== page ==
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FOCUS ON ISSUES Christian ad on `shared’ Jerusalem sparks Jewish anger, not surprise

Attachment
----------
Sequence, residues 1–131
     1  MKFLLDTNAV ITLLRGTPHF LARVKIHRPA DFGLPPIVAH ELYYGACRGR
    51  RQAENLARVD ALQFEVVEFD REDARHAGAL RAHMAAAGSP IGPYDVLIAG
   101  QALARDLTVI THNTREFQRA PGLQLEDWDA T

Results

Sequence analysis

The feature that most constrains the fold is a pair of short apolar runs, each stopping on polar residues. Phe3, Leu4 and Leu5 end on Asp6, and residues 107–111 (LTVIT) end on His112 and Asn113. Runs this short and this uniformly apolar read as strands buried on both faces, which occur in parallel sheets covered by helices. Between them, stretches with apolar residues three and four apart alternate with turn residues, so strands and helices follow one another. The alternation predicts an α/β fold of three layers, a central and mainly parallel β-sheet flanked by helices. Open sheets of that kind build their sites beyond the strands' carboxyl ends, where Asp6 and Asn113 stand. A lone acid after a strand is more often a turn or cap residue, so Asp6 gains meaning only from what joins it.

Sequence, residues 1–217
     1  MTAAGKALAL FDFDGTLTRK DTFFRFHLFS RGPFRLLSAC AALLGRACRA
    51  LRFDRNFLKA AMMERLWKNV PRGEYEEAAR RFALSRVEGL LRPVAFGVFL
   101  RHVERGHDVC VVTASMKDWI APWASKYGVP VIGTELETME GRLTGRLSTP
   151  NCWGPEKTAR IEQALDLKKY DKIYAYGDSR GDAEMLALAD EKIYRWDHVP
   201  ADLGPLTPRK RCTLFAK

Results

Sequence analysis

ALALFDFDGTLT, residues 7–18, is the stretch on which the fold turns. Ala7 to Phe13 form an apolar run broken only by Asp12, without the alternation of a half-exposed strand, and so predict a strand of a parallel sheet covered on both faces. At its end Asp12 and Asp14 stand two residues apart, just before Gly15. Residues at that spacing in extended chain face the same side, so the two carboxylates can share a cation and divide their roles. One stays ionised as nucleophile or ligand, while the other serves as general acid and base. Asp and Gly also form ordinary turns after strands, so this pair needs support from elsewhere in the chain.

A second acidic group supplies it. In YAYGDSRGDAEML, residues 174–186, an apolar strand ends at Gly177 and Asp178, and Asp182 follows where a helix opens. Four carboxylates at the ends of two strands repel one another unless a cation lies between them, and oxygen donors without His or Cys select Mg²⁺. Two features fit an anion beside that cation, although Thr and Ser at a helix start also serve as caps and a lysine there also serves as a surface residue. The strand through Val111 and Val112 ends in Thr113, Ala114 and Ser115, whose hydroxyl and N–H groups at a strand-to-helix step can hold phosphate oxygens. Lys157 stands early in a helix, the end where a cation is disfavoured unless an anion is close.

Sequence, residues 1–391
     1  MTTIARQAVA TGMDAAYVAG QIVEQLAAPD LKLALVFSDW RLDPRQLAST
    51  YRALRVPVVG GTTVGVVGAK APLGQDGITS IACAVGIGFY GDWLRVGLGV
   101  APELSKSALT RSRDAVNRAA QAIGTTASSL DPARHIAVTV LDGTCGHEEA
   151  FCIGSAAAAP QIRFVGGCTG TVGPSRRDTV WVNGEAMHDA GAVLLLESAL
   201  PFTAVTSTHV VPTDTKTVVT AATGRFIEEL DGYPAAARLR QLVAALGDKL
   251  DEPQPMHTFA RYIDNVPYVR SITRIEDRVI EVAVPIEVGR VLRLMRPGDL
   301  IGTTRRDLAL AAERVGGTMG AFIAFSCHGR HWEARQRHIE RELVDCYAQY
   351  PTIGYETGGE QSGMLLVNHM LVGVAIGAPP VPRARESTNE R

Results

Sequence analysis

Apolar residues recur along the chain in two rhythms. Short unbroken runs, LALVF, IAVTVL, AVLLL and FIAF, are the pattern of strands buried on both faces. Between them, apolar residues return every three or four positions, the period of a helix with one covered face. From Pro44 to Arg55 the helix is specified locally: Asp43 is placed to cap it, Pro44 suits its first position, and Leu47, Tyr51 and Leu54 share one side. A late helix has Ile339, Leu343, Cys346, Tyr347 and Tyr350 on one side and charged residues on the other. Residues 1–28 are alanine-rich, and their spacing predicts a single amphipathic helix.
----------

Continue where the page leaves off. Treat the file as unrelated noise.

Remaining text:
NEW YORK, Dec. 30 (JTA) — A recent Christian-sponsored advertisement in The New York Times calling for Jews to share control over Jerusalem and for readers to lobby the U.S. Congress has left Jewish officials wincing in anger — but not surprised. Representatives of Jewish groups, many of which condemned the ad, say the intent of the campaign by Churches for Middle East Peace — which includes leaders of America”s largest mainline Protestant denominations — is to erode U.S. government support for the Jewish state. They say the effort is most troubling because of its potential influence over U.S. foreign policy toward Israel, and the possibility that it could contribute to disrupting the delicate political balance in Israel over Jerusalem. It is not surprising, Jews say, because sponsors of the campaign have a long history of criticizing Israel even as they work closely with Jewish groups on domestic issues of common concern. In addition to the ad, the group is also circulating to its member churches materials decidedly slanted against Israel, including a prayer and sample letters addressed to the chairman of the Senate Foreign Relations Committee and to newspaper editors. Among other things, the material encourages members to urge the U.S. government to press negotiators to “move beyond exclusivists” claims”” to Jerusalem. The Dec. 21 ad also included a coupon addressed to the Senate Foreign Relations Committee urging the committee”s members “to raise and recommend the concept of a shared Jerusalem”” in the confirmation hearings for the next U.S. secretary of state. Madeleine Albright has been nominated to that post. Corinne Whitlatch, director of Churches for Middle East Peace, denied that her group wants to influence U.S. foreign policy toward Israel. In a telephone interview, Whitlatch said the disposition of Jerusalem”s status is up to the Israelis and Palestinians, and that “our ultimate goal is to open up the debate a bit. In many people”s minds there are only two options for Jerusalem: Greater Jerusalem under the sole sovereignty of Israel or a divided Jerusalem. “The discussion of other options can bring about a different future for the peoples,”” she said. “The definition of a shared Jerusalem is more a construct of the mind and the attitude”” than a political construct, she said. Leaders of some of America”s largest Protestant denominations, including the United Methodist Church, Episcopal Church, Presbyterian Church (USA), United Church of Christ, the Evangelical Lutheran Church in America and the Disciples of Christ, signed onto the ad. So did leaders of smaller denominations and religious orders, including the Unitarians, Quakers, Mennonites, Maryknoll Sisters, and Maryknoll Fathers and Brothers, as well as the head of the group that oversees all Catholic orders of nuns and monks. Several major Jewish groups raced to issue press releases condemning the group”s effort. Many said the 12-year-old Washington-based group has always lobbied against Israeli interests and on behalf of what it perceives to be Palestinian concerns. Churches for Middle East Peace “has had a long record”” of opposition to Israeli interests, said Rabbi A. James Rudin, director of interreligious affairs at the American Jewish Committee. “They cannot stand Jews with power. That”s their dirty little secret. They can deal with Jews as a minority, as individuals, as purely a religious group, but when they see Jews with power, especially over Jerusalem, it sticks in their throat,”” he said. Rabbi Leon Klenicki, director of interfaith affairs for the Anti- Defamation League, agreed. Their “constant criticism of the State of Israel is the new way of theological anti-Judaism, of the teaching of contempt,”” he said. “Before they denied us a role in God”s plan and now they want to deny us a place in history,”” Klenicki said. Responding to the charges, Whitlatch of Churches for Middle East Peace said there “is not even a whiff of contempt”” in her group”s effort, and accused Rudin and Klenicki of “almost race-baiting, trying to goad a Jewish-Christian conflict here.”” The Churches” campaign, kicked off by the ad headlined “Christians Call for a Shared Jerusalem,”” comes after a brief hiatus from what one Jewish interreligious affairs professional called the group”s “history of bashing Israel.”” The group has, in the past, lobbied against U.S. military and economic aid to Israel, and against legislation requiring the U.S. Embassy to move from Tel Aviv to Jerusalem. That hiatus coincided with a Middle East peace process that was headed in a direction that the Christian signatories apparently liked. Despite their sense of the group”s anti-Israel positions, Jews have often worked closely with organizations included in the Christian umbrella group. One example is the recent effort by Jewish groups to aid black churches destroyed by arson. In the last several months, the American Jewish Committee has raised about $200,000 and worked with the National Council of Churches to rebuild some of the houses of worship. Jewish groups have also worked with the National Council and its members to prevent erosion of the constitutional wall separating church and state, and on public policy issues such as abortion law. The campaign will not prevent the AJCommittee and other groups from continuing a relationship with its backers where there are concerns of mutual interest, said Rudin of the AJCommittee. Meanwhile, however, Jewish groups hope to counter the Jerusalem campaign — and prevent similar future efforts — by discussing their concerns with its signatories now. The AJCommittee is sending a letter to the 17 leaders of Christian denominations and religious orders who signed the ad, and the Anti- Defamation League issued an “open letter”” condemning the campaign. The Conference of Presidents of Major American Jewish Organizations has asked for a meeting with the Rev. Joan Brown Campbell, secretary general of the National Council of Churches, which represents the interests of some 42 million Protestant and Orthodox Christians. The Conference of Presidents is also organizing a national educational outreach countercampaign to “sensitize the American public about the facts and realities of Jerusalem,”” said Malcolm Hoenlein, executive vice chairman of the umbrella group. He expects to publish materials written by non-Jews about Jerusalem, and utilize the Internet and speakers to reach church and school groups. Jewish statements condemning the Churches for Middle East peace were also issued by the American Jewish Congress, the Orthodox Rabbinical Council of America and the Orthodox Union”s Institute for Public Affairs. Conspicuously absent from the ad”s list of main signatories was the National Conference of Catholic Bishops, which in the past has joined Churches for Middle East Peace in harshly condemning Israeli policies in disputed West Bank territory and in Jerusalem. Despite the concern, Rudin said Churches for Middle East Peace does not represent the majority of American Christians. “You have to recognize who didn”t sign it: Roman Catholic bishops, leaders of African American churches, evangelicals,”” Rudin said. “It”s an important piece of Christian America, but it”s not all there is,”” he said. In addition, some long-time prominent Christian friends of Israel rose to challenge the group”s premise in as-yet unpublished letters to the editor of The New York Times. The Rev. John Pawlikowski, a professor at Catholic Theological Union in Chicago, wrote one, as did David Blewett, head of the National Christian Leadership Conference for Israel.